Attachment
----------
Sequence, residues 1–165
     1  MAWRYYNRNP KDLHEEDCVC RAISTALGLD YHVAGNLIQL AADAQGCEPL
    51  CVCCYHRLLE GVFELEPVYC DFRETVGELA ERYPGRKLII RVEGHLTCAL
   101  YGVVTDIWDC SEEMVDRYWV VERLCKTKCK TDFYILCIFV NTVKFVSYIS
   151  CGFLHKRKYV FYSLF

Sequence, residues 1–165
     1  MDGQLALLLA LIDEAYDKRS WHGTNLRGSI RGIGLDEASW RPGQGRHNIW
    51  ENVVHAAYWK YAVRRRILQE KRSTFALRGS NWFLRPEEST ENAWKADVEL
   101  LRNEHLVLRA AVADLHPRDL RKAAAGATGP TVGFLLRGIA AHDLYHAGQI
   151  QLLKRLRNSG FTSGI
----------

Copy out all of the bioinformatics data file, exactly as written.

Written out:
Sequence, residues 1–165
     1  MAWRYYNRNP KDLHEEDCVC RAISTALGLD YHVAGNLIQL AADAQGCEPL
    51  CVCCYHRLLE GVFELEPVYC DFRETVGELA ERYPGRKLII RVEGHLTCAL
   101  YGVVTDIWDC SEEMVDRYWV VERLCKTKCK TDFYILCIFV NTVKFVSYIS
   151  CGFLHKRKYV FYSLF

Sequence, residues 1–165
     1  MDGQLALLLA LIDEAYDKRS WHGTNLRGSI RGIGLDEASW RPGQGRHNIW
    51  ENVVHAAYWK YAVRRRILQE KRSTFALRGS NWFLRPEEST ENAWKADVEL
   101  LRNEHLVLRA AVADLHPRDL RKAAAGATGP TVGFLLRGIA AHDLYHAGQI
   151  QLLKRLRNSG FTSGI